If you are after quiet operation I would probably use an external motor and pump and mount it in the cupboard below, 9631 is an RPM external motor which has a cooling fan and shroud fitted. Use this with one of the pumps I have mentioned and fit the one way valve to the outlet and then a braided hose going into the machine to the expansion valve, mount the expansion valve somewhere and drain it off into the drip/drain tray. The outlet of the one way valve as well as having a 1/4 internal thread for an expansion valve also has an external 3/8 thread which the braided line will go on, you will probably need to get a 1/4f x 3/8m fitting to fit the expansion valve to the end of the braided hose or alternatively put another 3/8 nipple in the outlet of the pump and put the one way valve with the expansion valve on the end of the braided hose inside the machine. You will then just need to run the motor wiring down in the cupboard for the motor, I often use a standard 10 amp plug and socket down at the motor to make it be able to disconnect. Use the plug on the motor wiring and the socket on the cable from the machine for if you put the plug on the cable from the machine you could have live pins when unplugging, where as the socket connections are all internal in the socket.
    It's hard to know exactly what you will need, there will most likely be one or two small things over looked.
    Don't know how well I have explained all this as it makes perfect sense in my head.

    Have fun
    Clinton
    Clinton,
    thanks SO MUCH for taking the time to write such detailed instructions for me!!
    I appreciate it very much! I will definitely search for the parts you mentioned. Now I feel more confident in starting this.

    I will try to locate the pump and motor outside the machine, even if this will make it less (much less) transportable.
    Are Fluidotech rotary pumps similar to Procon to adjust or are they more complicated? I have read good reviews about their endurance.

    Thanks so much again,
    Charlie

  8. #8
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    Hey Charlie

    There is stuff all difference really in adjusting them, its just when I am working on a machine in a cafe I am well aware that they want me done as quickly as possible. The Procon adjust with just a flat blade screw driver where as the Fluidotech has a lock nut and a bolt, which wouldn't really make any difference with it mounted externally but when its inside a machine and everything is hot depending where the pump is it is easier to stick a screw driver in than to get two spanners and your hands in there, personal preference really.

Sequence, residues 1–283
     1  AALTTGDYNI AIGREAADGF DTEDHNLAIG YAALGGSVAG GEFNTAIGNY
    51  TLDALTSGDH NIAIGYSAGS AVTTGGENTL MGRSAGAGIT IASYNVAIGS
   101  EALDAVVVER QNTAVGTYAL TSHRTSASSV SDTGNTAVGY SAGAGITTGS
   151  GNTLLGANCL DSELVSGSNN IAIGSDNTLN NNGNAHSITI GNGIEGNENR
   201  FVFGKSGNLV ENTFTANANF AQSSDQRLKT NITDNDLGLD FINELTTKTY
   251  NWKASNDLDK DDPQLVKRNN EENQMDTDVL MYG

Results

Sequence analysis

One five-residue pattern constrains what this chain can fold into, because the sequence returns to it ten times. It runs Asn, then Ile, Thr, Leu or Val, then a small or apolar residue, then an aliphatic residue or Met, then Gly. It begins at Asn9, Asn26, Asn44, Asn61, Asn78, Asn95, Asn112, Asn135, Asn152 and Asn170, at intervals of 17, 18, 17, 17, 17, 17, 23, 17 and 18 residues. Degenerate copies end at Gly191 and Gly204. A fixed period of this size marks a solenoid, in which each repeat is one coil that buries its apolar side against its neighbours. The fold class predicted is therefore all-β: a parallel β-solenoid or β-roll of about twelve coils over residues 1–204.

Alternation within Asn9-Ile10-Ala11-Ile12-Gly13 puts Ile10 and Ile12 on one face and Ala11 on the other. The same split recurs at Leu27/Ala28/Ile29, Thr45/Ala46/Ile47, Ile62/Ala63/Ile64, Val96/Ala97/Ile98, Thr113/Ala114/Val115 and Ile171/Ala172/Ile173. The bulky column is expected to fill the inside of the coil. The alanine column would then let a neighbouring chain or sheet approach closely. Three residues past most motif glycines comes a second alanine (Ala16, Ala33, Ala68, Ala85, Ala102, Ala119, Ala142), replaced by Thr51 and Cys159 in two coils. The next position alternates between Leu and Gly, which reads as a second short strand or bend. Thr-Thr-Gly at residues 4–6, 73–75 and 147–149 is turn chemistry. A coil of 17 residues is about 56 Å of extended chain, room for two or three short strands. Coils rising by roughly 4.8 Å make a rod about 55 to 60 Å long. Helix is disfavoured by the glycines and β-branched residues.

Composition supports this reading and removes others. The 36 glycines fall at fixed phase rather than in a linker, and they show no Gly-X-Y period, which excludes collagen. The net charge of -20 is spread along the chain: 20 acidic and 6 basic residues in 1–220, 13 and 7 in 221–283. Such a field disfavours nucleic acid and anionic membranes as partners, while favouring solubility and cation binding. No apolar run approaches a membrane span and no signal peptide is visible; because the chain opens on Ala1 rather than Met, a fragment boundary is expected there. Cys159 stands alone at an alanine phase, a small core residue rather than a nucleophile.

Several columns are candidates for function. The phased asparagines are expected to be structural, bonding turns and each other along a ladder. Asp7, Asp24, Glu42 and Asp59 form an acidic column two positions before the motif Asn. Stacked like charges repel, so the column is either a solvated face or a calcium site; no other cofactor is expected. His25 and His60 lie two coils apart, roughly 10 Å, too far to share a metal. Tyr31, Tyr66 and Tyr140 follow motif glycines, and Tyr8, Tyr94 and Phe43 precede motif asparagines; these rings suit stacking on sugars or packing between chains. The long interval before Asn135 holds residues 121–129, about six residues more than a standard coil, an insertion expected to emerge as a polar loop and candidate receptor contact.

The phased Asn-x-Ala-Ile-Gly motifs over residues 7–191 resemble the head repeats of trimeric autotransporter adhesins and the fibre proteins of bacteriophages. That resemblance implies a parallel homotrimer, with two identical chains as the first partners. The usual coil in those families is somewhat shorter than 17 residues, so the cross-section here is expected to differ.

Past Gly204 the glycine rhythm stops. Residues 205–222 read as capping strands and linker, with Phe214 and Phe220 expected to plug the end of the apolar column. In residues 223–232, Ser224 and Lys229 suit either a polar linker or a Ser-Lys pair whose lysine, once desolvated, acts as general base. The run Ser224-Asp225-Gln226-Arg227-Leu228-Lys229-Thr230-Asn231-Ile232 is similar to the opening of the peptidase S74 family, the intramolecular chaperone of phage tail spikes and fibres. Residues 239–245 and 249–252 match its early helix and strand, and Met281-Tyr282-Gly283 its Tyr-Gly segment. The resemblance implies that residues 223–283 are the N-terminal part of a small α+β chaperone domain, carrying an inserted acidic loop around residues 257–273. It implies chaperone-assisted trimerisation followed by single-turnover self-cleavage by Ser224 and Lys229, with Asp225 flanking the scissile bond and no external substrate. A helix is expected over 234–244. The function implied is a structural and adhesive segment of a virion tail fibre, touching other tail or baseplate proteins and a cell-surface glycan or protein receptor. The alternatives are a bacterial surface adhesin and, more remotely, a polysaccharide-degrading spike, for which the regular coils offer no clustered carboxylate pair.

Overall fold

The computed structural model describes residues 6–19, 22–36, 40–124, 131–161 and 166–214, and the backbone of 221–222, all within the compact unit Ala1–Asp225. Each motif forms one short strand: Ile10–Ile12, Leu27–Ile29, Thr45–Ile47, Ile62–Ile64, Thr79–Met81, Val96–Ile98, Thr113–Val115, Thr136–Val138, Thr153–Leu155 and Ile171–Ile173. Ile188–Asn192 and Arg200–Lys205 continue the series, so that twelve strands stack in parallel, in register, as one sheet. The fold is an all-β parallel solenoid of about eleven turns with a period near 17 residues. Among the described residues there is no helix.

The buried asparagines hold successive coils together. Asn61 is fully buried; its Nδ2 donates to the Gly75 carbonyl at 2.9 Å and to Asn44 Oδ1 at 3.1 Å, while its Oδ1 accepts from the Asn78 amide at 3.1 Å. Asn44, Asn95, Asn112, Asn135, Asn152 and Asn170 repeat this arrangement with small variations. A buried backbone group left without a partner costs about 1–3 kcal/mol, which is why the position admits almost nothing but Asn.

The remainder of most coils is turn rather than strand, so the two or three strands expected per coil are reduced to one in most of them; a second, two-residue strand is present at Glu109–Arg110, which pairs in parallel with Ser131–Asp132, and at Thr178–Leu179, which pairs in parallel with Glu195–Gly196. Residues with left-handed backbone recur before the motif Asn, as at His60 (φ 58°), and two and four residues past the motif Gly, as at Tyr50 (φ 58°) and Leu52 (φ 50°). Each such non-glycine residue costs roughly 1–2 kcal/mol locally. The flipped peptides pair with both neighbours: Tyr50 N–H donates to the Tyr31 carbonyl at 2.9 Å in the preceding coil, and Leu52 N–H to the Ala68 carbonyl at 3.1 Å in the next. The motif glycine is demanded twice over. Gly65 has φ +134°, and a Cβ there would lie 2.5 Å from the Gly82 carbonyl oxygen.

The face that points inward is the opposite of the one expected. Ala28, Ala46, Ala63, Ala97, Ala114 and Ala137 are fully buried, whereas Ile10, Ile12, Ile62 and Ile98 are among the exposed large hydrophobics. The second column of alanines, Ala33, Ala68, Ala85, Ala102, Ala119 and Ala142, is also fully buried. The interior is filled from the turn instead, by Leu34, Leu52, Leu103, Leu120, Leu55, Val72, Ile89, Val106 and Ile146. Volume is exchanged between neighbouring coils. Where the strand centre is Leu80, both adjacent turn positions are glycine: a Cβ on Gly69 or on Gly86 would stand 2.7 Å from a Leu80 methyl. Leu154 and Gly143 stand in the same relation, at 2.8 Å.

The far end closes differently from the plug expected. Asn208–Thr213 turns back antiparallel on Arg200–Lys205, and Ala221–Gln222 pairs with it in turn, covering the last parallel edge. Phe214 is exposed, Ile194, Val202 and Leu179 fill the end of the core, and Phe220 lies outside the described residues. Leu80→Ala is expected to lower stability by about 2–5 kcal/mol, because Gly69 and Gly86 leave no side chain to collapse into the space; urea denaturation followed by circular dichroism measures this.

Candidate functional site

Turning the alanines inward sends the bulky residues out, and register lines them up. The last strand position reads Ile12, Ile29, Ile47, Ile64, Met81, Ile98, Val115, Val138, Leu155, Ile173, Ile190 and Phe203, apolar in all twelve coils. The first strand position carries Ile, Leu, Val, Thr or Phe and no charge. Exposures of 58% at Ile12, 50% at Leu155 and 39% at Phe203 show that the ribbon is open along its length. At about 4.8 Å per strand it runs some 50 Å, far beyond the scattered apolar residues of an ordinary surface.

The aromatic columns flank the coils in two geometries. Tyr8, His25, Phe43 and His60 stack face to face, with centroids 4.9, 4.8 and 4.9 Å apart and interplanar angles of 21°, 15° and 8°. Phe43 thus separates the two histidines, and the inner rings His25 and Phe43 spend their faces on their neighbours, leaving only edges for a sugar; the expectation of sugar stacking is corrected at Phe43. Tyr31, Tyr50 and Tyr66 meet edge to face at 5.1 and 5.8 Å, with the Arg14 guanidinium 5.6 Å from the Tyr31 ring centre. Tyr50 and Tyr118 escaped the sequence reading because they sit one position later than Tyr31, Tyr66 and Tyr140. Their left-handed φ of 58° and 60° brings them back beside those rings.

You could probably get most this gear from coffee parts, I am just not up to speed with there parts as I don't use them.
    Bombora would also have most of this gear, the E517 one way valve they stock under that number and as with coffee parts they will have brass fittings, braided lines, pumps and motors as well.
    As far as pumps go you just want to get a flat blade rotary pump with a clamp mount, flat blade is the "drive shaft" and clamp mount is basically a hose clamp which is in %95 of machines there is also a three bolt and two bolt mount with a d drive shaft and rubber coupling, these are in some Cimbali' and Faema's. There is also a plastic coupling you can put between a flat blade pump and motor to help eliminate run out and vibration, Wega use these. There are different litre per hour ratings on rotary flat blade pumps but for home thats not something you would be worried about just as with different wattage motors wouldnt really matter. So just make sure you get a flat blade pump and motor so they pair together, doesn't matter which brand as long as they are both flat blade clamp mount.
    One thing I forgot to mention with the install is that you need to run an earth to the remote motor. From memory the vibrating motors dont have an earth wire, so use a two core and earth cable or buy an extension lead and cut it so you have your plug and socket. The motor will most likely have an earth screw on it, so use that at the motor end and at the machine end there should be an earth bolt on the chassis somewhere which you can use. This is in case you ever had a short to earth on the motor, it will go to earth in the machine and then trip your safety switch in your metre box.
    Yeah not as portable but its just one electrical plug and two pair of shifters and your done, the braided hoses have a cone shaped end and don't require thread tape or anything.
    When you put it together run water into the inlet side of the pump and turn the pump by hand to fill the pump with water for inital start up so its not running dry, the pumps have arrows on the inlet and outlet and an arrow indicating the rotation of the pump.
    Your welcome for the info, I've only just joined the forum to get a an idea of whats going on at the home user end of things, I doubt I will have the time to be this thorough to often. Im considering making my own machine or doing major modifications to my current home machine, could be an interesting post if I have the time to do it.


    Regards
    Clinton